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21

Figure 3
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Single Point Crossover (Michalewxciz 2010)
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Figure 4
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N Points Crossover (Michalewicz 2010)

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Figure 5
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Uniform Crossover (Michalewicz 2010)

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Figure 6
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Mutation (Michalewicz 2010)

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Figure 7
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Mutation Factor 2m (Michalewicz 2010)
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25

Figure 8
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One Molecule in a Grid (Lock 2007)

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Figure 9
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Distance between the Atoms of the Molecule and One Point on the Grid (Lock 2007)

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Figure 10
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Represent a Molecule in a List (Lock 2007)

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Figure 11
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Fitness Function
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Figure 12
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Taking Points Values from a Grid into a List

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Figure 13
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The Steps of our Software Algorithm
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40

Figure 14
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Progress of Fitness Function

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48

Figure 15
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Two Molecules Aligned by
Hand

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Figure 16
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Two Molecules Aligned by the Software

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Figure 17
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Progress of Align Two Molecules (Step 1)

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Figure 18
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Progress of Align Two Molecules (Step 2)

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Figure 19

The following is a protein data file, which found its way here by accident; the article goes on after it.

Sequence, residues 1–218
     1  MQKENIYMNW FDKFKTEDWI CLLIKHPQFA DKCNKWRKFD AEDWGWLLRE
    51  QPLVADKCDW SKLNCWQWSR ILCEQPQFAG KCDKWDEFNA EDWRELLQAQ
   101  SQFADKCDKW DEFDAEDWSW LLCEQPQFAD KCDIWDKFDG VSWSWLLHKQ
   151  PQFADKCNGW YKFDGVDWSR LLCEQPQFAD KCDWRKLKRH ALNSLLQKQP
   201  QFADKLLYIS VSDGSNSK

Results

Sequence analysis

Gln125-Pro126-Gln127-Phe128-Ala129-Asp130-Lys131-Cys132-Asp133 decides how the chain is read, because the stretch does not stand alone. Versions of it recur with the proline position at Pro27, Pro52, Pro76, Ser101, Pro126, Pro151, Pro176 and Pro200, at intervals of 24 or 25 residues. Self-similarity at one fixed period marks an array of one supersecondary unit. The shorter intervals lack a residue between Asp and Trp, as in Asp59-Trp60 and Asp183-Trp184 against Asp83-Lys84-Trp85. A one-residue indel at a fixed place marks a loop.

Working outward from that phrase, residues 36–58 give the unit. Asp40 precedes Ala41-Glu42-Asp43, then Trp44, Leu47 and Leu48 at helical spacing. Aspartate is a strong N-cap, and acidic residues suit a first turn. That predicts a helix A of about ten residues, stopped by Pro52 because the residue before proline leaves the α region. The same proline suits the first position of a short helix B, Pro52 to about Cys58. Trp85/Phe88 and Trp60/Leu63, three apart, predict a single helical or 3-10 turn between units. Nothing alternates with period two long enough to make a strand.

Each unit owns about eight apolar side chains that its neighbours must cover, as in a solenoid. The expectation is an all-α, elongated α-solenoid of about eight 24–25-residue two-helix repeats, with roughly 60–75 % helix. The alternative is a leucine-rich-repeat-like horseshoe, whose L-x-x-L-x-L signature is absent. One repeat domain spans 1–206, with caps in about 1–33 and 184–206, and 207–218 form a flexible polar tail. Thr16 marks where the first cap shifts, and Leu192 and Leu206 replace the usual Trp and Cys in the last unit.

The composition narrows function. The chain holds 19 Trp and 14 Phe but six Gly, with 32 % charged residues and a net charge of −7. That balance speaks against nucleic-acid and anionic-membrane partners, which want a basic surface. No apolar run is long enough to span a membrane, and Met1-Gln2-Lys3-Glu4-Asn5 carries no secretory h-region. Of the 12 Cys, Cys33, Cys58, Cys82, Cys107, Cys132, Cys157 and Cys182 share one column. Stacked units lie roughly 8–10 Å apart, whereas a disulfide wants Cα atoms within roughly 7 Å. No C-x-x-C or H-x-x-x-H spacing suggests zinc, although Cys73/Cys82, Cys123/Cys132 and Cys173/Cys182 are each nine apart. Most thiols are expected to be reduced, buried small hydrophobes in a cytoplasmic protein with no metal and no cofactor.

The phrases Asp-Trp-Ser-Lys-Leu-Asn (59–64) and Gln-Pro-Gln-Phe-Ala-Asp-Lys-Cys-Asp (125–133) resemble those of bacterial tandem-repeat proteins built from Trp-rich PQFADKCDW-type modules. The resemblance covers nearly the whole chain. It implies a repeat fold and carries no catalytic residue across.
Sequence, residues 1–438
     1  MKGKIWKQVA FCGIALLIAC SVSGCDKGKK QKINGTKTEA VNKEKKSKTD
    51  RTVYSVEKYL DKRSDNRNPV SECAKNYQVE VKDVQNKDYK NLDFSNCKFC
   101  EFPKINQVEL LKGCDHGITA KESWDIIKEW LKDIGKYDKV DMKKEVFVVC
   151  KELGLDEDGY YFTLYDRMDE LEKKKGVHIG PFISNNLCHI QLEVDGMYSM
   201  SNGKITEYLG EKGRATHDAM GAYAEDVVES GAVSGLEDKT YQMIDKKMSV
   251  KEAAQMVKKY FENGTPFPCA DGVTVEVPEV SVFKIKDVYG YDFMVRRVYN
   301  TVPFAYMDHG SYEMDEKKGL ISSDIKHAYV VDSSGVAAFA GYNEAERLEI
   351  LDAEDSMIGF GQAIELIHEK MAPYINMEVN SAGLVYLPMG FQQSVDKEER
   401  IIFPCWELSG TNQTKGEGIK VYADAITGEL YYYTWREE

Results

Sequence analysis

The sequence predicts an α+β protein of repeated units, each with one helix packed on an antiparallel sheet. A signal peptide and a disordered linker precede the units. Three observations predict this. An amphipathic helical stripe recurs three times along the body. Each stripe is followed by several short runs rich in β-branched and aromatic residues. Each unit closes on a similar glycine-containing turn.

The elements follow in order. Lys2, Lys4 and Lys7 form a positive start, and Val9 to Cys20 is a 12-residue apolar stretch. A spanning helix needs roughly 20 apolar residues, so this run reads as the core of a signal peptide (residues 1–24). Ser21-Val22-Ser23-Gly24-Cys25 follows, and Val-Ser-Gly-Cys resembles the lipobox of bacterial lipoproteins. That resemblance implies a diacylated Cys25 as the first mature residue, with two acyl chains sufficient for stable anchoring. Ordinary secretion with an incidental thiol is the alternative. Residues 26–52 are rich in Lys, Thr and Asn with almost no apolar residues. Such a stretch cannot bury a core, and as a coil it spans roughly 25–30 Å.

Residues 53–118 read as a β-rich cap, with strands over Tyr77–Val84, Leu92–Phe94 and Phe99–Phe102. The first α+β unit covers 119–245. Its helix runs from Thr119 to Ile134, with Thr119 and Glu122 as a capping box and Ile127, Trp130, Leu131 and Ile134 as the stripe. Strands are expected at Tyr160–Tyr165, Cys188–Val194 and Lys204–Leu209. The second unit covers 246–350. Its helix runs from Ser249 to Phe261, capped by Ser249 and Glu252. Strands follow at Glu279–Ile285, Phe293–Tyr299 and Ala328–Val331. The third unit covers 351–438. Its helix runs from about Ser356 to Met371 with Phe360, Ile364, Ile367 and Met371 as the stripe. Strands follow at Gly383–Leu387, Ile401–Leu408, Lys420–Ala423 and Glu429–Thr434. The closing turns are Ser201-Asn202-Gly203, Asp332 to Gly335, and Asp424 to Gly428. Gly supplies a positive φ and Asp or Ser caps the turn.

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Progress of Align Two Molecules (Step 3)

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Figure 20
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Progress of Align Two Molecules (Step 4)

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Figure 21
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Progress of Align Two Molecules (Step 5
)

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Figure 22
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Progress of Align Two Molecules (Step 6)

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Figure 23
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Progress of Align Two Molecules (Step 7)

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55



List

of Table
s

Table 1

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49




Abstract

One of the most common modern heuristic methods to solve computational

problems is
genetic algorithm. Wh
en we look at genetic algorithm

we see that Darwinian evolution’s
characteristics have been mimicked. In fact, it has achieved many successes in various
fields of life’s applications.

This
research used genetic algorithm t
o properly align
molecules to be similar to a t
arget molecule. In particular,

genetic

algorithm

has been
used

as a mechanism to improve the ability for aligning some molecules in the space
and comparing them with the best position of known structure to fin
d the optimal
solution which is optimal alignmen
t. The optimal alignment is

a prepared data and an
input for the subseq
uent application, f
or example, Comparative Molecular Similarity
Indices Analysis (COMSIA) which is a 3D method to predict and correlate m
ol
ecule’s

biological activity. The research

discussed
how

transformation (translation and
rotation)

has been
perform
ed

on each m
olecule of the database, I

use
d

transform
ation
matric
es an
d it is

very

useful to do transla
tion and rotation, where I

consider
ed

the